New Zealand, who have also never won the World Cup, helped shock England into a change of approach by humiliating them in Wellington four years ago and cannot be underestimated after seeing off Virat Kohli’s India in the semifinals.
The 2015 losing finalists boast a well-balanced attack led by left-arm quick Trent Boult but their batting has been hugely reliant on captain Kane Williamson, who has scored 548 runs in the tournament at an outstanding average of 91.33, and Ross Taylor.
Williamson said his side were happy to embrace their underdog status, acknowledging that England deserved to be favorites.
“But whatever dog we are, it’s just important that we focus on the cricket that we want to play,” he said. “And we have seen over the years that anybody can beat anybody — regardless of breed of dog.”
While some members of the home side were not even born when England made the last of three losing appearances in a World Cup final in 1992, the Black Caps have the experience of their heavy defeat by co-hosts Australia in the climax of the 2015 edition in Melbourne to call on.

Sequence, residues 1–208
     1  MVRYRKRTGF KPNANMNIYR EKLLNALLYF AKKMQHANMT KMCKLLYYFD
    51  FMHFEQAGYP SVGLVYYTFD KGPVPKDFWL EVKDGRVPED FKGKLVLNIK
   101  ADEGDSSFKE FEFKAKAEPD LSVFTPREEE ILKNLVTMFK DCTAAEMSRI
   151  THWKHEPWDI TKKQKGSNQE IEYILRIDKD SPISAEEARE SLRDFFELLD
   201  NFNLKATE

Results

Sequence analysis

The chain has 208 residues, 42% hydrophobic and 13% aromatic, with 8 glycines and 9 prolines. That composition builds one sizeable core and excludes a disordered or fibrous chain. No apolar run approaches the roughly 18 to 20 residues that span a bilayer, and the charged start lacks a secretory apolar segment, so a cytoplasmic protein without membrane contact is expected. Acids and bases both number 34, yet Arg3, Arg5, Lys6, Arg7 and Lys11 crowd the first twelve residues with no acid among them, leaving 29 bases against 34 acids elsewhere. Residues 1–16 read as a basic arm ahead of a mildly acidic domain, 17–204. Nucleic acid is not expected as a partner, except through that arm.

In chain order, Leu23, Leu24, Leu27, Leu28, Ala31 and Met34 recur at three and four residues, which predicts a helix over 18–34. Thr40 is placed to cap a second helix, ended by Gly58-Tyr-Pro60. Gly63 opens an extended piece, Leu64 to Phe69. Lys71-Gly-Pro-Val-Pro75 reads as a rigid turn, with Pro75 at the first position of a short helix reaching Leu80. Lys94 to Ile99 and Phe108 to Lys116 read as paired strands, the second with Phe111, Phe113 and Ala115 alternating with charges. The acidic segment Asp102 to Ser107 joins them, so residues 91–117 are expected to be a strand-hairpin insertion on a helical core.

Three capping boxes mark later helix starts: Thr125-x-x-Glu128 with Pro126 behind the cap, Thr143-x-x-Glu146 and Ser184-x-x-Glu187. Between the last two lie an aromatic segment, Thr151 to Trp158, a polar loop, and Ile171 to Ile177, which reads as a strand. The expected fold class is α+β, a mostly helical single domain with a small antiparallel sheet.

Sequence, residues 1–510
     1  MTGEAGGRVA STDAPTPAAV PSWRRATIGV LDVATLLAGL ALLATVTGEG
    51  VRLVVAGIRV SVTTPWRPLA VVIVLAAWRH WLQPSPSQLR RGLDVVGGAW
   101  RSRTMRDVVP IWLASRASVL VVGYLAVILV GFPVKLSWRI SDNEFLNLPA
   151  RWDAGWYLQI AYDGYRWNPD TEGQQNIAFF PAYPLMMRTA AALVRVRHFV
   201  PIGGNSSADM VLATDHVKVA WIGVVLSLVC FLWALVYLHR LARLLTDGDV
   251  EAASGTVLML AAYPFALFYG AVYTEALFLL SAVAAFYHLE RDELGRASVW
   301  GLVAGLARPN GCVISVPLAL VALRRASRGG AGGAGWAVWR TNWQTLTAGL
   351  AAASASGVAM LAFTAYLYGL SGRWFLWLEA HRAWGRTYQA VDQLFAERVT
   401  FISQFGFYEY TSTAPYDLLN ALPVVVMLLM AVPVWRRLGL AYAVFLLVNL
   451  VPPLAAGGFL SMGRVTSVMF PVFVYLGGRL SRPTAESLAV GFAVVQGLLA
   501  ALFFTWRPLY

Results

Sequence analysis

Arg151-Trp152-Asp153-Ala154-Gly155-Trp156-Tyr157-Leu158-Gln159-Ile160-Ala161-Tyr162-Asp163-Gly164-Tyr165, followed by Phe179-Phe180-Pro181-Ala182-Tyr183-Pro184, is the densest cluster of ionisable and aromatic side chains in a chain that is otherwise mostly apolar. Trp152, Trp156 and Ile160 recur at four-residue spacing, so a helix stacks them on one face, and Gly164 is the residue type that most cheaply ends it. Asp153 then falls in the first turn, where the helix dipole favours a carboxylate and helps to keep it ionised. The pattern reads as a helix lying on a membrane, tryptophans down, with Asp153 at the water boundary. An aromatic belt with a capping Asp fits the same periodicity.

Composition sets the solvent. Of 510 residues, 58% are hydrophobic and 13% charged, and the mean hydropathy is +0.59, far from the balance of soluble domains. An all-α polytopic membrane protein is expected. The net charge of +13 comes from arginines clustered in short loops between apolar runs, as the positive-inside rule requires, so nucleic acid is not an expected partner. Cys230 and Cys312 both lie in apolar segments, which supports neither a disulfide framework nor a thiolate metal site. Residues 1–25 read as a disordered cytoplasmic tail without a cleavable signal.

But there is a sense that England will never have a better chance.
“I haven’t allowed myself to think about lifting the trophy,” said Morgan.
“Cricket and sport in particular is very fickle. If you ever get ahead, it always seems to bite you in the backside. For us to win it, I think around the country it would be awesome, great for the game.”


Saudi-born tennis players to battle it out as part of Diriyah Tennis Cup

Updated 24 min 39 sec ago

Saudi-born tennis players to battle it out as part of Diriyah Tennis Cup

  • Michael Mmoh of USA and Ammar Al-Haqbani of Saudi Arabia to play
  • Both Saudi-born players will feature on the same court that will host big name global superstars

RIYADH: Two of the most exciting Saudi-born tennis stars will go head-to-head when in a showpiece exhibition match as part of Diriyah Tennis Cup presented by Saudi Aramco.

Michael Mmoh (USA) and Ammar Al-Haqbani (KSA) – both 21 – will compete in front of an eager home crowd ahead of the final match of the $3 million tournament that has attracted eight of the world’s best players and the eyes of world tennis.

The special exhibition match will take place at 2pm Saturday, December 14th at the Diriyah Arena ahead of the final’s day of the Kingdom’s inaugural international tennis event.  

Both Saudi-born players will feature on the same court that will host big name global superstars, including three-time Grand Slam winner Stan Wawrinka, big-hitting US champion John Isner, and 2019’s most exciting breakthrough player, Daniil Medvedev of Russia.

American Michael Mmoh said: “I can’t wait to be coming back to Saudi Arabia and play in front of the local fans. It’s going to be a very special experience for me.